In this case, the trial court found, inter alia, the following: Defendant pulled up to a checkpoint. A police officer noticed the odor of alcohol. Defendant admitted to drinking five beers. The officer administered field sobriety tests, and Defendant's performance in the tests signified impairment. Defendant was then taken to the BAT Mobile; however, Defendant refused the intoxilyzer test. The officer then took Defendant directly to Mercy Hospital to have a blood sample taken without first obtaining a warrant from a magistrate at the jail's Intake Center. The officer made this decision to go directly to the hospital because he knew that over time the amount of alcohol in blood dissipates; he knew from his years of experience that Mercy Hospital was ten to fifteen minutes away and that its patient load on Saturday mornings was typically fairly light; he surmised from his past experience that getting a blood draw at Mercy Hospital would take approximately forty-five minutes to one hour; he surmised from his past experience that, on a weekend night, it would take between four and five hours to obtain a blood sample if he first had to travel to the Intake Center at the jail to obtain a search warrant.1
Based on its findings, the trial court concluded that the police officer had exigent circumstances before him so as to allow Defendant's blood to be drawn without first obtaining a search warrant and that the officer had a reasonable belief that the delay to obtain the search warrant under the circumstances would result in dissipation of the percentage of alcohol in Defendant's blood.
After reviewing the trial court's findings of fact and the evidence presented at the hearing on Defendant's motion to suppress, we believe the evidence supports the trial court's findings and conclusions regarding the existence of exigent circumstances in this particular case. Considering the totality of the circumstances—including, but not limited to, the distance from and time needed to travel to the Intake Center and the hospital, and the officer's knowledge of the approximate probable wait time at each place—we conclude the facts of this case gave rise to an exigency sufficient to justify a warrantless search. Accordingly, we find no error.
We would, however, elaborate on one point regarding the procedure of obtaining warrants from magistrates in cases such as this, which was addressed by the United Supreme Court in McNeely—advances in technology. The Supreme Court noted that “[t]he Federal Rules of Criminal Procedure were amended in 1977 to permit federal magistrate judges to issue a warrant based on sworn testimony communicated by telephone[:] ․ As amended, the law now allows a federal magistrate judge to consider ‘information communicated by telephone or other reliable electronic means.’ “ McNeely, ––– U .S. at –––, 185 L.Ed.2d at 708 (quoting Fed. Rule Crim. Proc. 4.1, which provides that “[a] magistrate judge may consider information communicated by telephone or other reliable electronic means when reviewing a complaint or deciding whether to issue a warrant or summons”). The McNeely Court also recognized that “[s]tates have also innovated[:] Well over a majority of States allow police officers or prosecutors to apply for search warrants remotely through various means, including telephonic or radio communication, electronic communication such as e-mail, and video conferencing.” Id., ––– U.S. at –––, 185 L.Ed.2d at 708. Indeed, in North Carolina, pursuant to N.C. Gen.Stat. § 15A–245(a)(3) (2011), a “sworn law enforcement officer” may employ “audio and video transmission in which both parties can see and hear each other” to obtain a search warrant. Id.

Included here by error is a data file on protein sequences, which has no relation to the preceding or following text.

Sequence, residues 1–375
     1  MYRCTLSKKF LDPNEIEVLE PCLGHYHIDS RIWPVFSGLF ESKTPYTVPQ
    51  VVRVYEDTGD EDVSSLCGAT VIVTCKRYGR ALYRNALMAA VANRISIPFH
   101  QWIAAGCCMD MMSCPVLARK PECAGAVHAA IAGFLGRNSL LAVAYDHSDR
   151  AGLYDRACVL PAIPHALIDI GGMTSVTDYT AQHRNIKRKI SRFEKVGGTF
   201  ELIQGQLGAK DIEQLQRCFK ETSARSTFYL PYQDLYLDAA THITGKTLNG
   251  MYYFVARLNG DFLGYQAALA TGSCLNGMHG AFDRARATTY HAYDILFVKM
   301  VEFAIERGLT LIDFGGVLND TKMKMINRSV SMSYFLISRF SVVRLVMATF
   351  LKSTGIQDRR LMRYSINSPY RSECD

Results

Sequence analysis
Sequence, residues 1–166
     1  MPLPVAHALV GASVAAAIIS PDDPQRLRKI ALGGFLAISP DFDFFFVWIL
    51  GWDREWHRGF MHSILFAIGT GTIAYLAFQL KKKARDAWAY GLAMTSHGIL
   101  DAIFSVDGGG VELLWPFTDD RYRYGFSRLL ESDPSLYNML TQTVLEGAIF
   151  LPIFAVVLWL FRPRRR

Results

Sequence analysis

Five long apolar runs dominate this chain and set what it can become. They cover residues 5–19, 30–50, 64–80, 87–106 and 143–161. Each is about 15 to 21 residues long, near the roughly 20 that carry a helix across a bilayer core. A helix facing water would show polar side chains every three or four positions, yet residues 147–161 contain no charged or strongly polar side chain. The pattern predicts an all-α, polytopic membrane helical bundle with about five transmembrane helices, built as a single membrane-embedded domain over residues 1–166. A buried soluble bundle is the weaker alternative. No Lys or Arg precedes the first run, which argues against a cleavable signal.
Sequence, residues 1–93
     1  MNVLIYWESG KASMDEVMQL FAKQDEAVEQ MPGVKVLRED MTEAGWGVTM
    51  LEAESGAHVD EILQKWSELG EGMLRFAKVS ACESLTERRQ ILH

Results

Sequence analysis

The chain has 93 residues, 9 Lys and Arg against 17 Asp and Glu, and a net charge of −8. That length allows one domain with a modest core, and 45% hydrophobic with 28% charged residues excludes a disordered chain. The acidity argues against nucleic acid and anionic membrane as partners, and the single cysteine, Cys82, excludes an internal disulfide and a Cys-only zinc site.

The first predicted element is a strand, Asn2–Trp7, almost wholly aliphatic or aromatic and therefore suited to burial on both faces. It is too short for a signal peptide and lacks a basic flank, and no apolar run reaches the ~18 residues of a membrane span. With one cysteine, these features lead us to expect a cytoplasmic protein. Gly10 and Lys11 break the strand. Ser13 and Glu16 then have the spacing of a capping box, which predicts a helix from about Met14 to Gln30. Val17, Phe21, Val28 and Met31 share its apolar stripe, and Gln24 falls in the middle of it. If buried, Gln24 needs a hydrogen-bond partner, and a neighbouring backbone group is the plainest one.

In the present case, even though the North Carolina rules of criminal procedure have allowed a search warrant to be issued based on information communicated by a “video transmission” since 2005, the record does not indicate that the arresting officer ever attempted to videoconference with the magistrate to obtain a search warrant or that he had the technology to do so. N.C. Gen.Stat. § 15A–245(a)(3). Rather, his testimony reveals that he assumed that he only had two options in this case: (1) to take Defendant to the hospital and compel a warrantless blood draw sample; or (2) to drive to the jail Intake Center, wait for a magistrate to issue a warrant, and then return to the hospital, at which time the alcohol in Defendant's blood may have dissipated. In our opinion, the “video transmission” option that has been allowed by N.C. Gen.Stat. § 15A–245(a)(3) for the past eight years is a method that should be considered by arresting officers in cases such as this where the technology is available. In the same vein, we believe the better practice in such cases might be for an arresting officer, where practical, to call the hospital and the Intake Center to obtain information regarding the wait times on that specific night, rather than relying on previous experiences. Having noted this, we also repeat the following statement of U.S. Supreme Court:
We by no means claim that telecommunications innovations have, will, or should eliminate all delay from the warrant-application process. Warrants inevitably take some time for police officers or prosecutors to complete and for magistrate judges to review. Telephonic and electronic warrants may still require officers to follow time-consuming formalities designed to create an adequate record[.] ․ And improvements in communications technology do not guarantee that a magistrate judge will be available when an officer needs a warrant after making a late-night arrest. But technological developments that enable police officers to secure warrants more quickly, and do so without undermining the neutral magistrate judge's essential role as a check on police discretion, are relevant to an assessment of exigency. That is particularly so in this context, where BAC evidence is lost gradually and relatively predictably.
McNeely, ––– U.S. at –––, 185 L.Ed.2d at 709.
In conclusion, we find affirm the trial court's order denying Defendant's motion to suppress in this case, because, after considering a totality of the circumstances, we believe exigent circumstances existed to compel a warrantless blood draw sample from Defendant.
1. This recitation is not an exhaustive recount of the trial court's findings but is merely a summary.
Judge McGEE and Judge McCULLOUGH concur.